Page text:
We had to embrace the idea that he was going to have to do that and not always look like a hand. Those challenges of turning that pinky into another arm kind of made him one of the most fun characters. Like some of the things the animators came up with were fantastic. I think he was a bit more pushed than some of the other characters, both because of James Corden’s performance, and just the design of the character forced us to be a little bit more cartoony with Hi-5. That was a lot of fun.
That’s interesting — you could go anywhere with having that much range of movement. Did you ever feel like you had to hold back?
Kapijimpanga: Initially, when we did some tests for the movie, we had all kinds of emojis that we were doing early tests with. We had a beer mug and some of the animation tests they did made it look more like there was liquid inside the mug as he was moving along. We also had some tests where we had an ice cream cone. We had a lot of squash and stretch in the ice cream as the ice cream was walking along. We were just doing some early kind of walk cycles to get things in front of Tony to see how he responded to things.
The rule he kind of established was that all of these characters, like the ice cream cone, for example, shouldn’t feel like ice cream in a cone. These were kind of plastic-y representations of characters. The beer mug, even thought it looks like a glass of beer, there’s no real beer inside. It’s an icon, so it’s not a liquid inside. We did all kinds of explorations for that stuff.
Can you talk about the face shapes and eyes and mouths? Did you investigate only having say a 2D face shapes approach at all?
Kapijimpanga: We did have fully 3D faces on the main characters, but we used 2D face shapes on some of the secondary and tertiary characters in the background. It was a design thing, because it was a simpler look for those characters, and sometimes they were further away, but also we were under serious time constraints on this movie as well. I think we have around 260 characters. Had we rigged all these characters with full 3D faces, it would’ve been impossible. We would never have gotten through the number of characters we had to.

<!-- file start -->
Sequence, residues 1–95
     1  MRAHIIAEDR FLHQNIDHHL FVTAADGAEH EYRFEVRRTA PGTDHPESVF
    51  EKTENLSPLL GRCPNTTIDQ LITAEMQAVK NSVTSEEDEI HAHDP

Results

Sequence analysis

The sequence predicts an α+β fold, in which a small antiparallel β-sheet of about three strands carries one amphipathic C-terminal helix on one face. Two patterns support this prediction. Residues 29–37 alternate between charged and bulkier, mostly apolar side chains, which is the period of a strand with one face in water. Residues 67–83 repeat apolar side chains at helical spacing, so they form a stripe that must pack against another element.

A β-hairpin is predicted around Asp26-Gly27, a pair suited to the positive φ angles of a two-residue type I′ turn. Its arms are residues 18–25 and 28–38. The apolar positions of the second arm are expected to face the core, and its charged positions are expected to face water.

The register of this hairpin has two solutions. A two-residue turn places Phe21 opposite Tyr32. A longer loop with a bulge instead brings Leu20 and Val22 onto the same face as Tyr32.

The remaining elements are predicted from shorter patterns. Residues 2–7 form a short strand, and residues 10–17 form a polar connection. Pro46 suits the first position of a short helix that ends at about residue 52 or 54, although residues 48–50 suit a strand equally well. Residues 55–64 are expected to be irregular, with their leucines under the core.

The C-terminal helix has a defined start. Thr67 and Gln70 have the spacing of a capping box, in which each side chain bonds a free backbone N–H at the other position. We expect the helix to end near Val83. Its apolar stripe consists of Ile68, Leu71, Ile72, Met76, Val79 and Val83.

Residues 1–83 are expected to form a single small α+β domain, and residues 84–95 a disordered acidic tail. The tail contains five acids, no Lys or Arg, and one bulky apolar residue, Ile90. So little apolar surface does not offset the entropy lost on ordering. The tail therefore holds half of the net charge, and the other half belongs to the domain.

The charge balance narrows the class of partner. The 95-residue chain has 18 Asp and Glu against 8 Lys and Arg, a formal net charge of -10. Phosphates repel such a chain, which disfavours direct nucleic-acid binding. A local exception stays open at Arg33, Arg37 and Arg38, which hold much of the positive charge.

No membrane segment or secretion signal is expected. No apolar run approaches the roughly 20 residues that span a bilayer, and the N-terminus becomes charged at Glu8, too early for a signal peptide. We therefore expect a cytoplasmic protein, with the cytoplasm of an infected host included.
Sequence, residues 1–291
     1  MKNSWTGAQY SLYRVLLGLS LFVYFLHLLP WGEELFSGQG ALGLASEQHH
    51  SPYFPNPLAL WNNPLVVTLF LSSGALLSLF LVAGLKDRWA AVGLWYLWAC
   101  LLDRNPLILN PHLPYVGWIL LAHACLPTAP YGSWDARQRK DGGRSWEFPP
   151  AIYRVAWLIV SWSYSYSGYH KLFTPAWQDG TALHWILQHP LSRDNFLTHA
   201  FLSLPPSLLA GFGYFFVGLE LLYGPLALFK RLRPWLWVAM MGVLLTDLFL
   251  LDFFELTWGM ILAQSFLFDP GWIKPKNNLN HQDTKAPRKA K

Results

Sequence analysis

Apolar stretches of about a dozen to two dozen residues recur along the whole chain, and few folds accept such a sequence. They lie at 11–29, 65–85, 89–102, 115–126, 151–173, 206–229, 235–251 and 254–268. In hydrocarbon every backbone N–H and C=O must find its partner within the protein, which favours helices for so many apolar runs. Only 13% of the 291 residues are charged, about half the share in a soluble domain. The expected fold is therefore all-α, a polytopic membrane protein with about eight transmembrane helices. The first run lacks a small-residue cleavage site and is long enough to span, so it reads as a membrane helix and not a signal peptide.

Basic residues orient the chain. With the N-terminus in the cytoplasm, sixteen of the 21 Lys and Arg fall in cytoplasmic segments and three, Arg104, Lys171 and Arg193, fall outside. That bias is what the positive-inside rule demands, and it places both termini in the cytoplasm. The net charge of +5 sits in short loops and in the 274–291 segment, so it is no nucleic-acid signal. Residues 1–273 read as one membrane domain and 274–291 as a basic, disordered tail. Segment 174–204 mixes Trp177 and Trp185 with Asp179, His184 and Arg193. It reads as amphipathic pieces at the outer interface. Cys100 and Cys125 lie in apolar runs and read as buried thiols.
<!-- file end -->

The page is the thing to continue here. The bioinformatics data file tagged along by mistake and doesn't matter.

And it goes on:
They actually developed a system that used a 2D decal face rig, where we were basically animating almost 2D shapes on to the background characters. This worked really, really well. Then we would add a little bit more depth to them down the pipe. Then if a character ended up getting a slightly bigger part, then we can invest the time into making that a fully 3D character, but we tried to keep most of our development time and most of our rigging time into characters like Gene, who has full 3D faces, and a really, really broad range of movement.
This interview can’t finish without mentioning Poop, who’s voiced by Patrick Stewart. Did he have any unique challenges?
Kapijimpanga: All the animators who were interested in getting on the project were lured in by the idea of having Poop as a character you can animate. All of us has that in us, I guess — that inner child that just loves poop somehow. He’s a great character. Patrick Stewart’s voice was really fun to animate to. The idea was that he was a very proper kind of character who’s the butt of these jokes and he’s a little bit above all of that. He’s a really fun character to animate.
All images and clips, copyright 2017 Sony Pictures. All Rights Reserved.
|Ian Failes is a Sydney-based writer specializing in visual effects and animation. He also collects memorabilia from the film Speed. Follow him at @vfxblog.